Featured News: Need for Multiple Naloxone Doses on the Rise
The percentage of people treated for a drug overdose who need more than one dose of the opioid overdose antidote naloxone is on the rise, a new study suggests.
American students are essentially split over the question of whether their school is “drug free,” but students still cite drugs as a major problem facing people their age, according to a new survey of 12- to 17-year-olds from the Center on Addiction and Substance Abuse (CASA) at Columbia University.
Asked, “Is your school a drug-free school or is it not drug free, meaning some students keep drugs, use drugs or sell drugs on school grounds?,” 48 percent of students described their schools as “drug free” while 49 percent said their schools were “not drug free.”
Drugs were cited as a major problem by 21 percent of survey respondents, far more than the other popular responses (13 percent for social pressure or fitting in) and doing well in school (10 percent). An accompanying survey of parents, however, ranked social pressure as the biggest problem facing teens (32 percent), while just 12 percent cited drugs and 9 percent named doing well in school.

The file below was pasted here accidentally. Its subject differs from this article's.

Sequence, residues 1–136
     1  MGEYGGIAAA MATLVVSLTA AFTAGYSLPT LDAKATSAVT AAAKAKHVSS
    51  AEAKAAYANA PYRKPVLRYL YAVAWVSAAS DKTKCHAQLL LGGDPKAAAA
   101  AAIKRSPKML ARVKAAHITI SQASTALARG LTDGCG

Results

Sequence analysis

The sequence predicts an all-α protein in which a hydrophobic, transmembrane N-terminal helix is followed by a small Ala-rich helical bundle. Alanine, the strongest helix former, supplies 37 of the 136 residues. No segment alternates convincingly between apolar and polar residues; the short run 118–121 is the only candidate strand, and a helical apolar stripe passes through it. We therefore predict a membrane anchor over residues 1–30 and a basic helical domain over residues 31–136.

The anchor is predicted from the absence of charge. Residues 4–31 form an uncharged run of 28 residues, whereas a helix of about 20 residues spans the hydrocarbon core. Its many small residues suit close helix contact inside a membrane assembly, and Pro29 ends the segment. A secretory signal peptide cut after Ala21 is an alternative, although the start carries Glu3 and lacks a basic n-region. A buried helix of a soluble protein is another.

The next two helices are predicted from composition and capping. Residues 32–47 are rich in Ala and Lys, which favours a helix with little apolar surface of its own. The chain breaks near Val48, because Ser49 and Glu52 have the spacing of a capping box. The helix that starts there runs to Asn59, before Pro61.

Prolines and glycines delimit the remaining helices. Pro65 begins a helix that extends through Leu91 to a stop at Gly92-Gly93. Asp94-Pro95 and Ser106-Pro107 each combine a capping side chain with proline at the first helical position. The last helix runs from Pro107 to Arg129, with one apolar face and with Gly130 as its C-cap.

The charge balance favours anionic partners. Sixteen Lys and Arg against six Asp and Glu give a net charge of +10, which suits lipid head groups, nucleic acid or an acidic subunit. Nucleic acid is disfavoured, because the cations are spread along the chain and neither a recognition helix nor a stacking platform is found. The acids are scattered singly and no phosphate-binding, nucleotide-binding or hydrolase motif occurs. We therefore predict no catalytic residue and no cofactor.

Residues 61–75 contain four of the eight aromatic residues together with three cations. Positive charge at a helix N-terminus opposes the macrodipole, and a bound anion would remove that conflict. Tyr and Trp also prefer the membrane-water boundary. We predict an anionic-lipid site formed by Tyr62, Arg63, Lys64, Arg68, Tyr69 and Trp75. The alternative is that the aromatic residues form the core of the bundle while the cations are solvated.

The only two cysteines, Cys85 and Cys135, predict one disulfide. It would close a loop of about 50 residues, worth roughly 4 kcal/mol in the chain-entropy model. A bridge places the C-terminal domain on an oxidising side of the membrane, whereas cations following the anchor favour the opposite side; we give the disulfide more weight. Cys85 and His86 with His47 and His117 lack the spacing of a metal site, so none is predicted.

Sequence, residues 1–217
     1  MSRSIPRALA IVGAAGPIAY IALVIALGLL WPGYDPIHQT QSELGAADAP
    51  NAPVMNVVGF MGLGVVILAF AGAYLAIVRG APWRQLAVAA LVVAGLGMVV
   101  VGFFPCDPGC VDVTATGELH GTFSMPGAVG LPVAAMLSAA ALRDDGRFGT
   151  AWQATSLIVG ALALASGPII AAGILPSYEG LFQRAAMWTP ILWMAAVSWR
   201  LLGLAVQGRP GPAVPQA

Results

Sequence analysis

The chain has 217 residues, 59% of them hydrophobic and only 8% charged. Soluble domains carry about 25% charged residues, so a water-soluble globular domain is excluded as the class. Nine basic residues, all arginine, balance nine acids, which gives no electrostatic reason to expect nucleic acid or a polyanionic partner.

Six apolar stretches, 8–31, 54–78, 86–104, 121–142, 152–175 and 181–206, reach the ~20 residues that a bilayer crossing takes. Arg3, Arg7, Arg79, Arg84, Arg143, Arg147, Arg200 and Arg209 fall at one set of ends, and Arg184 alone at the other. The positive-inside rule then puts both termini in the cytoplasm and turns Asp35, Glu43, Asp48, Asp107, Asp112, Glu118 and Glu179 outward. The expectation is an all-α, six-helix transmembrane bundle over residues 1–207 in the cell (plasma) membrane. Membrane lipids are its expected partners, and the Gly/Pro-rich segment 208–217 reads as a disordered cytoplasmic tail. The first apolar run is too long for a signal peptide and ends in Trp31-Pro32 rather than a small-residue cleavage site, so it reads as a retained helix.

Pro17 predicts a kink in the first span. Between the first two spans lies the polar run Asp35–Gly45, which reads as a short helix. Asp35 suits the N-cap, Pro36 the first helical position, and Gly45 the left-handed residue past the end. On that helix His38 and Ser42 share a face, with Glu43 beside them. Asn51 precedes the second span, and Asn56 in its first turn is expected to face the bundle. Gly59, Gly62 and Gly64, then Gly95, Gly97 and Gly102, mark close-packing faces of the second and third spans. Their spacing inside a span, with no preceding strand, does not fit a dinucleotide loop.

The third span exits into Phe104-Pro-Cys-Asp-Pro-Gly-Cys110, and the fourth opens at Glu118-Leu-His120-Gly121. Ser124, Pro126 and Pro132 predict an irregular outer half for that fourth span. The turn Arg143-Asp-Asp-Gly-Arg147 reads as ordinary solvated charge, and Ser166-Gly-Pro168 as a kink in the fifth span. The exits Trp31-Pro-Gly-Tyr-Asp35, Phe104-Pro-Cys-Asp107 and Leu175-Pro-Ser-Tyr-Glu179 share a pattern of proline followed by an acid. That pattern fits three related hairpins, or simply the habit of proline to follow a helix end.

Sixty percent of students said there were no gangs in their schools, while 39 percent of those who took part in the survey said there were gangs in their school or students who considered themselves to be part of a gang. Less than one percent of teens surveyed cited gang-related violence as an important problem facing kids their age, however.
CASA CEO Joseph Califano described U.S. public schools as “riddled with gangs.”
“Six out of 10 schools with gangs (58 percent) are drug infected (meaning drugs are used, kept or sold on school grounds), compared to three out of 10 (30 percent) schools without gangs,” Califano wrote.
“… The consequences are enough to terrify any parent with a child in a drug- and gang-infected school. Compared to 12- to 17-year olds at drug-and gang-free schools, those attending schools infected with drugs and gangs are five times likelier to use marijuana (21 percent vs. 4 percent) and three times likelier to drink (39 percent vs. 12 percent). Compared to 12- to 17- year olds at gang- and drug-free schools, those at schools with gangs and drugs are five times likelier to get marijuana in a day (42 percent vs. 8 percent) and three times likelier to get marijuana within an hour (16 percent vs. 5 percent).”
The “National Survey of American Attitudes on Substance Abuse XV: Teens and Parents,” (PDF, 654 KB) is available online.